The unemployment rate fell a bit in June.
The government's big monthly jobs report is out this morning. It paints a picture of a weak labor market that's creeping sideways — not getting much worse, but not getting better either.
The report's two headline numbers are both a bit misleading on the surface. One's not as bad as it sounds. The other's worse than it sounds.
1. The total number of jobs fell by 125,000 in June.
Why that's not as bad as it sounds: The loss of jobs was driven largely by the Census Bureau, which cut 225,000 temp jobs during June. The private sector — the key engine of long-term job growth — added 83,000 jobs during June.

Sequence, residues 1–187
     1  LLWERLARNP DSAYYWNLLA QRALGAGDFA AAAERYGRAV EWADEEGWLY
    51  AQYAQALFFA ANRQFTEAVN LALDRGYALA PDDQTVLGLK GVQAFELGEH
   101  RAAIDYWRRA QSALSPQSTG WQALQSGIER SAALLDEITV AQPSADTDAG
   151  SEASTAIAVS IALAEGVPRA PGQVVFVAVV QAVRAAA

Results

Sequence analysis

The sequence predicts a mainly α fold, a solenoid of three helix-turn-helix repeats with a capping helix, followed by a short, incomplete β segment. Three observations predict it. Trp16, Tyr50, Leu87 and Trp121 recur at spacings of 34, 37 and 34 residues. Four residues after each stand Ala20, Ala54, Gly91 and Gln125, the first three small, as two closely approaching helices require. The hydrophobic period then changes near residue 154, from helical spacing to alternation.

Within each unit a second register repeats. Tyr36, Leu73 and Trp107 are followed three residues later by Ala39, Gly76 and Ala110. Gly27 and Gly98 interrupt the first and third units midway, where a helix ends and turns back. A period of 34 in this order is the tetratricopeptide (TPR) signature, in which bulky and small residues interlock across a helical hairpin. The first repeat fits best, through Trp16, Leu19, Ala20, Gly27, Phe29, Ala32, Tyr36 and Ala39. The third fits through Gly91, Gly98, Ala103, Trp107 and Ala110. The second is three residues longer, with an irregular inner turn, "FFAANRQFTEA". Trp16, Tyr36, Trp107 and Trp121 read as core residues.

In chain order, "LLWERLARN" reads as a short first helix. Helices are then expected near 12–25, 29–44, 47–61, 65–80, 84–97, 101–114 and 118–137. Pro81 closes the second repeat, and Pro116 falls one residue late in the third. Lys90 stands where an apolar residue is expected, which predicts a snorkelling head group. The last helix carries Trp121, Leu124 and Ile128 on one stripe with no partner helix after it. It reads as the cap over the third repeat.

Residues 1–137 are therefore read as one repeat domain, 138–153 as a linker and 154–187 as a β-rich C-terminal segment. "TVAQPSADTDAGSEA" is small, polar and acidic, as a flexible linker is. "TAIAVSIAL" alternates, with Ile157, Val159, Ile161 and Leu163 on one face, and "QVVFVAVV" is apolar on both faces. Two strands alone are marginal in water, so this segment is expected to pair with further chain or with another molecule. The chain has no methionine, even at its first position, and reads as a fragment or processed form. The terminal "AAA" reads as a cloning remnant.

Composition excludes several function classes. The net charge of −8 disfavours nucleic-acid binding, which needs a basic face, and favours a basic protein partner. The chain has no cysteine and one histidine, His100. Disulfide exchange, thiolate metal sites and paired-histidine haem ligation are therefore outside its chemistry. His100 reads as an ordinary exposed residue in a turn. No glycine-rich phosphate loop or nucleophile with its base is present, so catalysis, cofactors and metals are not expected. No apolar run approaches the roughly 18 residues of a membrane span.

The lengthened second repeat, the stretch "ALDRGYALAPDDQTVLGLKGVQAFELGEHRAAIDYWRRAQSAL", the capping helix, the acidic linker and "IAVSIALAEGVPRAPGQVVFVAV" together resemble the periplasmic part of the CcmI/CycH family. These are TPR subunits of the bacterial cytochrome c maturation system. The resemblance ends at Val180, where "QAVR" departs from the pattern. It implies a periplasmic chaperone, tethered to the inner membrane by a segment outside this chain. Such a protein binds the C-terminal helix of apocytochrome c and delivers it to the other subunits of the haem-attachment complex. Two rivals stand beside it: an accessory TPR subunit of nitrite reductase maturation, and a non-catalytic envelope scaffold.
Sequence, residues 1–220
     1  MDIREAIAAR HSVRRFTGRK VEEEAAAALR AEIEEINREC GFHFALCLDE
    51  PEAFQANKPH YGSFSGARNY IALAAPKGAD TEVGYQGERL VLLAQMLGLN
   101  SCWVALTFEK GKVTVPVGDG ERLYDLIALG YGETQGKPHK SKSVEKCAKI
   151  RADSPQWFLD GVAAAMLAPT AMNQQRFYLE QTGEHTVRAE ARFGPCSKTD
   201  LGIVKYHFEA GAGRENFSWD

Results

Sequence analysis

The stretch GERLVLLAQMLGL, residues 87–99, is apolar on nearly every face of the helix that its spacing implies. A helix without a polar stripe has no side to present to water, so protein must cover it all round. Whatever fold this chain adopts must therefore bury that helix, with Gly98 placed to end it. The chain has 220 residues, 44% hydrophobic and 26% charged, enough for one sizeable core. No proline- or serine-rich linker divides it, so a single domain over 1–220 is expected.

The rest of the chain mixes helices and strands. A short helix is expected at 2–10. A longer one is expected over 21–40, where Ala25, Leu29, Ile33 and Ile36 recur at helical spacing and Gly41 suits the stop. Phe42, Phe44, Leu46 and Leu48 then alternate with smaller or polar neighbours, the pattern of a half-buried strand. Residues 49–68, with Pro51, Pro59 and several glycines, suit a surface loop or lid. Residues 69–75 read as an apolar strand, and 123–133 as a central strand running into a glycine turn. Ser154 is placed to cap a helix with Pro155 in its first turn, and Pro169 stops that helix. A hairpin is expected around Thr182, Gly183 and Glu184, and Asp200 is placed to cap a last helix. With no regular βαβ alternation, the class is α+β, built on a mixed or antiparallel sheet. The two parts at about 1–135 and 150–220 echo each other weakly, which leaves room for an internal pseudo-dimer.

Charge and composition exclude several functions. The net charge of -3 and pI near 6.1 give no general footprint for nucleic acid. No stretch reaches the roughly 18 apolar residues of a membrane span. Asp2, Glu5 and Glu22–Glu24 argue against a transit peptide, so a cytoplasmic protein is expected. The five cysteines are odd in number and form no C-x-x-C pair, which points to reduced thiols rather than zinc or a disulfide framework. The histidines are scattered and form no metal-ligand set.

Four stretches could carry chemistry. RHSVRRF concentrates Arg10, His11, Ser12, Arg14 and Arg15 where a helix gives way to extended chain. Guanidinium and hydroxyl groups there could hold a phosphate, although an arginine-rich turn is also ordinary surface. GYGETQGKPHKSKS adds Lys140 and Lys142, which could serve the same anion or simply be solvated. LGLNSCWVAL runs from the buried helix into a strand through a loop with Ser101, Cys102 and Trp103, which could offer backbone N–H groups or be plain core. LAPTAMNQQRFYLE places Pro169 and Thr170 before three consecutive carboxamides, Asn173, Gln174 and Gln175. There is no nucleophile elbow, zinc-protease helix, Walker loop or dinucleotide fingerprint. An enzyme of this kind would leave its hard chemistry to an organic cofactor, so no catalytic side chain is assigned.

2. The unemployment rate fell to 9.5 percent, the lowest level in almost a year.
Why that's worse than it sounds: The unemployment rate includes only people who are looking for work and can't find it. The rate fell in June not because more people had jobs, but simply because fewer people were looking for work.
Also in this morning's jobs report:
The unemployment gender gap widened: The unemployment rate for women fell to 7.8 percent. The unemployment rate for men rose slightly to 9.9 percent.
Among the unemployed, nearly half have been unemployed for more than six months.
The private sector has added 593,000 jobs so far this year. But there are still 7.9 million fewer private-sector jobs than there were in December 2007.